Texas A&M University-Kingsville Texas A&M-Kingsville professor publishes book on India-Pakistan arms issues
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Texas A&M-Kingsville professor publishes book on India-Pakistan arms issues

Posted on Friday, September 23, 2016

Dr. Mario E. Carranza, political science professor at Texas A&M University-Kingsville, has recently published his latest book on nuclear arms in South Asia. His book, India-Pakistan Nuclear Diplomacy: Constructivism and the Prospects for Nuclear Arms Control and Disarmament in South Asia, was published by Rowman & Littlefield and is available by major book sellers.

Aaron Karp, senior lecturer in the department of political science at Old Dominion University said, “Carranza has written the most innovative assessment of South Asian nuclearization ever. Here at last the region has been released from the realist stranglehold,” he said. “The result is the first completely persuasive explanation of why and how South Asian nuclear dangers can be averted. It is a book of great importance for South Asian nuclear policy and for nuclear studies everywhere.”

 “Not only is this the best available guide to arcane academic debate between and among the pseudo-realists—who cannot agree on what ‘realism’ actually means—but it is a wise and important guide to formulating policies that will contain and possibly reverse the frightening global expansion of nuclear weapons,” said Stephen P. Cohen, senior fellow at The Brookings Institution.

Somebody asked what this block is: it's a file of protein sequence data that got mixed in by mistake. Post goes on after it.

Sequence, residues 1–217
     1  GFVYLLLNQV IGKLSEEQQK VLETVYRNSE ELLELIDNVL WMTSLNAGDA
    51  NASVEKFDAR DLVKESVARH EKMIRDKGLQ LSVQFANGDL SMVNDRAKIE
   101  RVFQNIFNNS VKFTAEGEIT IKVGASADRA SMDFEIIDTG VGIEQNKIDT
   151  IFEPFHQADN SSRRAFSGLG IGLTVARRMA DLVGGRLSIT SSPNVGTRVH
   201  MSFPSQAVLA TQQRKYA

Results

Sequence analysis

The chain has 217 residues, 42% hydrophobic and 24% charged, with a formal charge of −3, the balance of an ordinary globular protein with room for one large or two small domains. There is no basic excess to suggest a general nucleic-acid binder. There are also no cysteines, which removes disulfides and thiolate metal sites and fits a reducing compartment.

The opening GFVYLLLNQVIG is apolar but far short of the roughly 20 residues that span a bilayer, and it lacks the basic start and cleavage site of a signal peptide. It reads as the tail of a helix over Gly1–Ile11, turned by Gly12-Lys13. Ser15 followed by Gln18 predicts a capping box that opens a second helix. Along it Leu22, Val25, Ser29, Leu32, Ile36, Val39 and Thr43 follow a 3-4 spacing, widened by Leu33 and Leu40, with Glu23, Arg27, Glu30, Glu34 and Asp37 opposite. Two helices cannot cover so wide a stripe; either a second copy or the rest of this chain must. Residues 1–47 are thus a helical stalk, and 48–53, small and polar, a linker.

Carranza has authored three other books, South Asian Security and International Nuclear Order: Creating a Robust Indo-Pakistani Nuclear Arms Control Regime (Farnham, UK: Ashgate, 2009; South American Free Trade Area or Free Trade Area of the Americas?: Open Regionalism and the Future of Regional Economic Integration in South America (Aldershot, UK: Ashgate, 2000) and Fuerzas Armadas y Estado de Excepción en América Latina (Mexico: Siglo Veintiumo, 1978).

Carranza received his doctorate in political science from University of Chicago in 1987. As professor in the department of history, political science and philosophy, he teaches The Government and Politics of the United States, World Politics, International Relations, Comparative Politics, International Organization, International Law and Nuclear Proliferation and U.S. Non-Proliferation Policies.

He served as the political science department chair for three years and continues to serve on a variety of department, college and university committees. Carranza was the recipient of the 2009 Best Publication Award from the College of Arts and Sciences and the 2003Distinguished Research Award from the Javelina Alumni Association.


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